Monday, 15 October 2012

Follow the Leader

This is a follow up to yesterday really about the decline in fortune of  Victorian painters.
Let me tell you a story.....
I grew up with a faded print on my mother's wall - it portrayed a typical English village scene around evening time. I was always drawn to it and was fascinated by the tale it told of a bygone age. Eventually when I began to paint myself I  wanted to be able to paint like the artist I so admired, even though I didn't know his name. Gradually I progressed - learning my colours, developing my technique - until I felt I could do it justice at last!
Merice, my wife, took a photo of the print and I did my simplified version of it on a 30" x 22" watercolour. I have already said it was faded so there was little colour to go on. I decided to make my painting  a 'nocturne' so I could concentrate on the tones of the piece without having to worry about colour.
I was (and still am!) pleased with the result and when we had framed it, Merice said she would try and find out the original artist so we could give him due credit. It didn't take her long -thanks to good old Google - there he was...Benjamin Williams Leader RA. and the original painting was entitled "February Filldyke".
Intrigued I delved a little deeper.
His real name was plain Benjamin Williams. However  there were other Benjamin Williams at that time who also painted, so he added Leader to distinguish himself. His father was a friend and neighbour of a certain John Constable RA and it is thought that the great man encouraged young Benjamin and even gave him some sketches to work on. By the time he painted "February Filldyke" he was a member of the Royal Academy and one of the most well known artists of the day.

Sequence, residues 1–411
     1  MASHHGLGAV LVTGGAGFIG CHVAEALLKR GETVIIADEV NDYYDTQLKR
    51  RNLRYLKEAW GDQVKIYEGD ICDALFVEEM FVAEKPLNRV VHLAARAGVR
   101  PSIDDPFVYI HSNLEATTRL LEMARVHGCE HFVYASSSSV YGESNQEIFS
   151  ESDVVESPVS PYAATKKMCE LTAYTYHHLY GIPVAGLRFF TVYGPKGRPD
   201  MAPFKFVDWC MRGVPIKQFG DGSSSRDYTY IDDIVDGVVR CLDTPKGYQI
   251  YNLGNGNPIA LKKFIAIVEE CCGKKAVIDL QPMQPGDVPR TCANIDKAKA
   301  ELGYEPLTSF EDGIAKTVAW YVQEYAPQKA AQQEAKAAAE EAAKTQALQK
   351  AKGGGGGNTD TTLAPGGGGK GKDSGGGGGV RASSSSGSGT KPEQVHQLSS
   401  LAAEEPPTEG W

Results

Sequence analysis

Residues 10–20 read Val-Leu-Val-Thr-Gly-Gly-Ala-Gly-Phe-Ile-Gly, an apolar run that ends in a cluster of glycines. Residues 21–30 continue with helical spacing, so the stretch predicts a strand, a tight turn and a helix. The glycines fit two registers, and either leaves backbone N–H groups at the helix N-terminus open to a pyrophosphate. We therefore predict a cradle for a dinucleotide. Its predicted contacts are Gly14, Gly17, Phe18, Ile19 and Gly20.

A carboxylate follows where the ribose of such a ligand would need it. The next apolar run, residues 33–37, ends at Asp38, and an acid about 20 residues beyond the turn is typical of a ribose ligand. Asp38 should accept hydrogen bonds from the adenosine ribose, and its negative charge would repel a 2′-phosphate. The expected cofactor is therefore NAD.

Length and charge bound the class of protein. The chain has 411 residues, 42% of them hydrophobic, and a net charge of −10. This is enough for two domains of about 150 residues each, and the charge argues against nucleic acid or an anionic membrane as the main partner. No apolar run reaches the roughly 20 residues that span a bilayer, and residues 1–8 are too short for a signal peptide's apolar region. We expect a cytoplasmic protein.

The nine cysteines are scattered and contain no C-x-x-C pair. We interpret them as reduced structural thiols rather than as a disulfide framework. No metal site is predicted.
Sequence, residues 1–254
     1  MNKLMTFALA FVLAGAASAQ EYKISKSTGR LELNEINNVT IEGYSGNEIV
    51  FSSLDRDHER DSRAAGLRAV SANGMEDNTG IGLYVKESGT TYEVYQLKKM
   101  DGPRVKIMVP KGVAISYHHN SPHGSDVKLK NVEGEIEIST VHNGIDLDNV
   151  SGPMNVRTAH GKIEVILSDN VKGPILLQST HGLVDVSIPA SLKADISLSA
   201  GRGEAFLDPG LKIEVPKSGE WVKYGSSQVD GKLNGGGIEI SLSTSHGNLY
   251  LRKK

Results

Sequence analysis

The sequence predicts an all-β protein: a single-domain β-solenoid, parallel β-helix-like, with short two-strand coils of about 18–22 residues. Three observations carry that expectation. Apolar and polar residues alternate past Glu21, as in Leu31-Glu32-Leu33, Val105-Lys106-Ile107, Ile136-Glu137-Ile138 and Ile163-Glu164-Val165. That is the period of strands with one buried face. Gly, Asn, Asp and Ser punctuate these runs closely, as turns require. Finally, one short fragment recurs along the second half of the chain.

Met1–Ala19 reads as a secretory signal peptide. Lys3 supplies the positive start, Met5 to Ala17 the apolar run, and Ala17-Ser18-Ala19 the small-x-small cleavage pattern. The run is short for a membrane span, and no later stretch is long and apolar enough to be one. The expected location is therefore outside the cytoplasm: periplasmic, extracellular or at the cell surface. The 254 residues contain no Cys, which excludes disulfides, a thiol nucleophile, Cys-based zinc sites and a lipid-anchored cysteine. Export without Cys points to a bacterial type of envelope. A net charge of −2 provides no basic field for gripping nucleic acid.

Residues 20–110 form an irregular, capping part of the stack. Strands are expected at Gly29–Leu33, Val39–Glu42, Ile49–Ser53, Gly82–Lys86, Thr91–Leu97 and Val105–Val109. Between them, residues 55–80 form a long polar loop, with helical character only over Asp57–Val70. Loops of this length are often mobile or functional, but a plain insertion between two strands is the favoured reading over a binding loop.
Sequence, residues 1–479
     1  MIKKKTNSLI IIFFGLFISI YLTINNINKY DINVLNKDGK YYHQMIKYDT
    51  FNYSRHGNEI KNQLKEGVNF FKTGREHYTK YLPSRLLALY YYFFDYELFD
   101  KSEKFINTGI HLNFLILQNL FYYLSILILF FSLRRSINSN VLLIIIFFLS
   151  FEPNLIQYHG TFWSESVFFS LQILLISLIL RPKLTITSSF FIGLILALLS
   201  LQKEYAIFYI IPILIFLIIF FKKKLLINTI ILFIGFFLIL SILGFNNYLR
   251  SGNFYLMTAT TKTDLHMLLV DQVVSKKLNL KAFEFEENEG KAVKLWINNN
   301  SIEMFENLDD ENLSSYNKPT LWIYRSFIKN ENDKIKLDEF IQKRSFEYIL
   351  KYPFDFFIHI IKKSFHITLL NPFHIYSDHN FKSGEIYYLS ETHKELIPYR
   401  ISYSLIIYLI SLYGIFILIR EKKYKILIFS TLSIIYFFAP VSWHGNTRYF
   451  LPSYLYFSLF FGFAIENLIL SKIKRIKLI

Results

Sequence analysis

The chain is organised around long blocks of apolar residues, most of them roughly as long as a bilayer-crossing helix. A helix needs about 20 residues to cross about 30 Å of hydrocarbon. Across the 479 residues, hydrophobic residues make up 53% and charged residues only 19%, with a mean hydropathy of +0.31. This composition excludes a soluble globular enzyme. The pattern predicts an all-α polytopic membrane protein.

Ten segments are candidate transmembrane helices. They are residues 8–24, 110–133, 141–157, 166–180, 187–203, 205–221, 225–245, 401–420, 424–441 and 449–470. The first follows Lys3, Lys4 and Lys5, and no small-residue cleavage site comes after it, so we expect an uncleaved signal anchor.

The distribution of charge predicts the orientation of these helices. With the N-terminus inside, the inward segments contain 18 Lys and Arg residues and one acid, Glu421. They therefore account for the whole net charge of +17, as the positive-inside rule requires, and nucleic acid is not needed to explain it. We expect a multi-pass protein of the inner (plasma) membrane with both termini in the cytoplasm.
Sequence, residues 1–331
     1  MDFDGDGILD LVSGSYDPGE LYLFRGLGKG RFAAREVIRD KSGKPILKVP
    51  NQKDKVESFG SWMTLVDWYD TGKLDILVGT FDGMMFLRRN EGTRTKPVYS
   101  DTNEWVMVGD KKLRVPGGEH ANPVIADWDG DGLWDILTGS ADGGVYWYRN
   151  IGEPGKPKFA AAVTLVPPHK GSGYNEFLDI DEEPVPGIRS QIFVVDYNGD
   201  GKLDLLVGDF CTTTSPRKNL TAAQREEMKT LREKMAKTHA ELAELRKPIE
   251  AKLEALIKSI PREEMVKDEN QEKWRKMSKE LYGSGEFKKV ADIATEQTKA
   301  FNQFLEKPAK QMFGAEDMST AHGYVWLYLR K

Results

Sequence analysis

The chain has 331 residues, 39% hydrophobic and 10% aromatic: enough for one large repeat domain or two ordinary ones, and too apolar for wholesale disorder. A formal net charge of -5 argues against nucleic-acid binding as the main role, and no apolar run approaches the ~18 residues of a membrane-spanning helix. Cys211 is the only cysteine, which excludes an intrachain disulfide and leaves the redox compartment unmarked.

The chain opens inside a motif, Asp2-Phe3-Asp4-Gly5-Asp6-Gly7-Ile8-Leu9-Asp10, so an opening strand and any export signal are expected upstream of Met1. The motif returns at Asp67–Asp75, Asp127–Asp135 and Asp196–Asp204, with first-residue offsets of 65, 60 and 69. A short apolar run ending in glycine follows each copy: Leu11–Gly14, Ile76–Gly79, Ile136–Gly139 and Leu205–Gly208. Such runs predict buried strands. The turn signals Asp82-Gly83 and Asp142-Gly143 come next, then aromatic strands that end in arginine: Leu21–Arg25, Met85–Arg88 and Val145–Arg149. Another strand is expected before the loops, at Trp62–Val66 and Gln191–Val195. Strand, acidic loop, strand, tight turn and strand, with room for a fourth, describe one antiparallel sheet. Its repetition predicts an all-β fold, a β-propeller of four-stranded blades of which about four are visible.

I was pleased to be able to give him due credit for my painting and even more pleased when I found out that the Ferens Gallery in nearby Hull had two originals and several 19th century prints in their collection.
.....and they all lived happily ever after.....well no!
I got in touch with the Ferens and made arrangements to go see the 'Leaders' and was told that one was in Hull City Hall in the chambers and the other was in the stores, not on public display.
I had already done another  painting based on "When Sun is Set" by Leader and this was the painting in the vaults at the gallery so I was naturally keen to see it. A curator kindly led us down into the storeroom and on the way she remarked, "Do you know how big it is?" I hadn't given it much thought - my paintings were 30 x 22 inches but it turned out his paintings (in oil of course) were 6 x 4 FEET, and with a large ornate frame it was a very impressive presence. Unfortunately the painting is in need of some restoration work. Sadly Leader's standing, in common with so many talented painters of that era, is so low that the gallery cannot justify the expense of restoration from public funds - so there it languishes unseen and unwanted.
I was not allowed to photograph it, nor do a sketch from 'life', but its magnificence is clear and bright in my memory.Perhaps we should start a campaign to rescue it as a symbol for all those other great artists of that time!
"Back to Life"
Original watercolour
by Glenn Marshall
based on "February Filldyke"
Benjamin Williams Leader RA
"Evening Falls"
Original Watercolour
by Glenn Marshall
based on "When Sun is Set"
by Benjamin Williams Leader RA

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